(CNN) -

Was a police officer justified in shooting and killing Michael Brown?

That's the question at the heart of the looming legal battles over the controversial case.

What charges could Ferguson Police Officer Darren Wilson face? What would state and federal authorities have to prove in order to pursue charges? And does the fact that the gunman was a police officer change how the case could play out?

Here's a look at what legal analysts say could happen next.

Was a state crime committed?

A local grand jury has started hearing testimony, but that doesn't mean any particular charges are being recommended by prosecutors at this point, CNN senior legal analyst Jeffrey Toobin said.

"An investigation is just an investigation. ... It's just something that they're looking into," Toobin said.

For a criminal case to go forward, the grand jury must decide whether a crime was committed, and whether it's more likely than not that the accused person -- in this case, Wilson -- committed the crime, said CNN legal analyst Sunny Hostin, a former federal prosecutor.

After a fatal shooting, a range of charges are typically on the table, said CNN legal analyst Danny Cevallos, a criminal defense attorney. "They're going to be anything in the spectrum of murder, manslaughter (or) negligent homicide," he said.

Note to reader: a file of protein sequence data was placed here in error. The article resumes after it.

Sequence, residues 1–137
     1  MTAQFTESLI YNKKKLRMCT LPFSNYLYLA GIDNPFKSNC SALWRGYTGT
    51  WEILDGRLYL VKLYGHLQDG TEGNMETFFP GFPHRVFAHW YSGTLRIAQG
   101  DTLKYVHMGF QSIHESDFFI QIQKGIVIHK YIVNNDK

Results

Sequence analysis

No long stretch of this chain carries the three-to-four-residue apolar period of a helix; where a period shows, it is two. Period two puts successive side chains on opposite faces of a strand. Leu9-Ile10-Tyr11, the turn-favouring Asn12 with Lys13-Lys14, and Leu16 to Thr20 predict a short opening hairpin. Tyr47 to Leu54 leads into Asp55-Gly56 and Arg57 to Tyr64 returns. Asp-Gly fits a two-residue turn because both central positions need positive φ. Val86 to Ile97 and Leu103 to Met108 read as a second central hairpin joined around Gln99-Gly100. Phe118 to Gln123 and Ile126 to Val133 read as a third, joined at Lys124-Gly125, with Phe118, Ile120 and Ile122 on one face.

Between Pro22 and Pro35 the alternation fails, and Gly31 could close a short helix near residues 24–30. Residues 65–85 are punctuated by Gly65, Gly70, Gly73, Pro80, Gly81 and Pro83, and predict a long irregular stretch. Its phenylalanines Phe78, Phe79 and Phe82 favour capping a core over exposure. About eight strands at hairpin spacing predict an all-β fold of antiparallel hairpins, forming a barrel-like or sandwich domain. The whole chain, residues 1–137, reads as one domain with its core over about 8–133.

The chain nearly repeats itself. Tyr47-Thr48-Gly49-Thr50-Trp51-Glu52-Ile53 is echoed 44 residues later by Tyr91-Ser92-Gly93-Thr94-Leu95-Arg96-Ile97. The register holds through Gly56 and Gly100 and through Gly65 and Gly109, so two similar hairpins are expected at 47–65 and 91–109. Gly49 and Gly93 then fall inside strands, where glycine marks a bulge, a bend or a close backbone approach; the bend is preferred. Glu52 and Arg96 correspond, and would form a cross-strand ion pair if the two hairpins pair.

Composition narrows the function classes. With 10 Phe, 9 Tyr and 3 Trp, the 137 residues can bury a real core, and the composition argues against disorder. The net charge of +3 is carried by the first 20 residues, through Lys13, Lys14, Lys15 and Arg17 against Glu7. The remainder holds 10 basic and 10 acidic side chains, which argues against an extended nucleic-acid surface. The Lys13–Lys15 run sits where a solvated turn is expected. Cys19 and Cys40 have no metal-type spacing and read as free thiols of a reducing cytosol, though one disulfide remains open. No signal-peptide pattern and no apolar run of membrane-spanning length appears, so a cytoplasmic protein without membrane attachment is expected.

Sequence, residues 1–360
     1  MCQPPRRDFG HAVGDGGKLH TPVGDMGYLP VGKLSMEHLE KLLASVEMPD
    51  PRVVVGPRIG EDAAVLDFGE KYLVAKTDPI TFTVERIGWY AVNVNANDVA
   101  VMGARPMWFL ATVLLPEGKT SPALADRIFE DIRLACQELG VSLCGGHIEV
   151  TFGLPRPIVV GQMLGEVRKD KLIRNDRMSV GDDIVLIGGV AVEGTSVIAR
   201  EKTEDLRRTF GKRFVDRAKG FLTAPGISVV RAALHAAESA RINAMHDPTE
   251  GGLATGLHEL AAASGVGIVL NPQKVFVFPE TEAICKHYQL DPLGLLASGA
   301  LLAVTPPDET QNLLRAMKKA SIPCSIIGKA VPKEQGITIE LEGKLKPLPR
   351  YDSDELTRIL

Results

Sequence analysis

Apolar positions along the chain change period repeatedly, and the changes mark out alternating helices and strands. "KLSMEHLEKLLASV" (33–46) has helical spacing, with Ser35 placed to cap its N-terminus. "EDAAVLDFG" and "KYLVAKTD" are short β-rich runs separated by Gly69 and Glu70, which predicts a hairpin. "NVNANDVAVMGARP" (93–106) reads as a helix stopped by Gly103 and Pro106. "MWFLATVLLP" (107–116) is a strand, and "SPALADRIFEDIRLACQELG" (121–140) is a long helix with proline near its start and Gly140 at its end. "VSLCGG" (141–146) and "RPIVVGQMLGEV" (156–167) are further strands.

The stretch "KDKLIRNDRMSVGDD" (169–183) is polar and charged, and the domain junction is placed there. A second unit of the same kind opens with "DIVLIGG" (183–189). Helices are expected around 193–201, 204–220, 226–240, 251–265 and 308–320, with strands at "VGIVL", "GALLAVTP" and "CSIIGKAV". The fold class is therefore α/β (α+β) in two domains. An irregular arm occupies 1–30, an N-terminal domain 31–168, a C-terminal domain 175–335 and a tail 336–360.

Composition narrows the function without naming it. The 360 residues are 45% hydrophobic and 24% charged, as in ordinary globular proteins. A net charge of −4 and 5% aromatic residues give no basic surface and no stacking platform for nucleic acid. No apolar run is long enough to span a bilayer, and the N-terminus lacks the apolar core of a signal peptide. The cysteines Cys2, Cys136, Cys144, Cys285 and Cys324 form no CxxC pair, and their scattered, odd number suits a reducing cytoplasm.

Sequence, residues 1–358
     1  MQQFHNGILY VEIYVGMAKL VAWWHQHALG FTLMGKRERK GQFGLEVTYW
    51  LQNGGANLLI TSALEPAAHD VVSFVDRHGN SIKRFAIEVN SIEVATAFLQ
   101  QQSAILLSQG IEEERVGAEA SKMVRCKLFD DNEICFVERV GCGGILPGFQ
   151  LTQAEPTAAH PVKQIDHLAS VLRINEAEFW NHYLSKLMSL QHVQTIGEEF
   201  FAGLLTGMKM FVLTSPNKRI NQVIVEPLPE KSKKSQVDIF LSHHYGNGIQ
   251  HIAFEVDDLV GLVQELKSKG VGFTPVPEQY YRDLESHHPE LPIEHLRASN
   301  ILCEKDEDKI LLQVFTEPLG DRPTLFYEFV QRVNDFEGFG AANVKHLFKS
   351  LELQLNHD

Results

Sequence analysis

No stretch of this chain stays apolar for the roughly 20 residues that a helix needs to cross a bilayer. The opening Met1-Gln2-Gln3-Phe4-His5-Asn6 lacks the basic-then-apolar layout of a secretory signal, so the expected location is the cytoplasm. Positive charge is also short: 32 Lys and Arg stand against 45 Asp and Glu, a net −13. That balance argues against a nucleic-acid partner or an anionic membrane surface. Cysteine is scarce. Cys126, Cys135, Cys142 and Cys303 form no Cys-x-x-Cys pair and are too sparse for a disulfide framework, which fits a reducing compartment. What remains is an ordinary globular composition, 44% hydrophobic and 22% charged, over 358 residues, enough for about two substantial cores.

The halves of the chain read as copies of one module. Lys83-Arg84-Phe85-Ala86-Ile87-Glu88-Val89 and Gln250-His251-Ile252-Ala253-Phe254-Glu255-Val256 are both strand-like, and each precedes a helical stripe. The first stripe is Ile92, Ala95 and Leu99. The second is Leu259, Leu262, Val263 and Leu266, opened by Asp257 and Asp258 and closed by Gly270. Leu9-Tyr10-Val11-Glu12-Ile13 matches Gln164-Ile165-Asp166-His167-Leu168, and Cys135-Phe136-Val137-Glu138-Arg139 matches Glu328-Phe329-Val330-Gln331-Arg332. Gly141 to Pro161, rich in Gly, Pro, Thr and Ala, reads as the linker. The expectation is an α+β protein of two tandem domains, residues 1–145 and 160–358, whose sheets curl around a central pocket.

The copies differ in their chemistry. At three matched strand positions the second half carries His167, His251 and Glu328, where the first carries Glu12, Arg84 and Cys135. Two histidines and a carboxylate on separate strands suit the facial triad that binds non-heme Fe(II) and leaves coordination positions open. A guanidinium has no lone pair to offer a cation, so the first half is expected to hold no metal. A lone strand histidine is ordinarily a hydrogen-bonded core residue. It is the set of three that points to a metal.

The prosecutor will make a recommendation to the grand jury.

From there, the grand jury could decide to indict Wilson, or that there isn't enough evidence to move forward. In order to bring charges against Wilson, nine of 12 jurors will have to agree.

But the prosecutor plays a key role in the hearings, which are not open to the public.

"The grand jury ultimately decides whether to indict, but it's 100% the prosecution's show. ... The prosecutor could, in theory, make less of an effort if he doesn't want someone indicted," Cevallos said.

Some residents and community leaders contend St. Louis County Prosecuting Attorney Robert McCulloch has deep ties to the police and has favored law enforcement in criminal cases.

J.Tom Morgan, a former district attorney in Georgia who knows McCulloch, defended him as fair and objective.

"I believe Mr. McCulloch will present the facts and the evidence to the grand jury and the Missouri law as he is required to do so," Morgan said. "We do not put defendants on trial just to see what a jury will do."

Were Brown's civil rights violated?

As part of a federal civil rights investigation, authorities are interviewing witnesses and weighing a number of factors.

Key among them: whether Wilson exhibited "racial hostility," Toobin said.

"The most important thing would be, did he say anything that indicates racial hostility, either before, or after, or during (the shooting)?" Toobin said.

Wilson is white, and Brown was African-American.

"The bar is very high," Hostin said, "and they're difficult cases to prove."

But race doesn't have to be a factor in the shooting for investigators to allege there was a federal civil rights violation, Cevallos said.

Federal statute says it's a crime for government officials "to willfully deprive a person of a right or privilege protected by the Constitution."

Federal prosecutors could argue that Brown's right to life was violated, Cevallos said, but it's a tough case to make.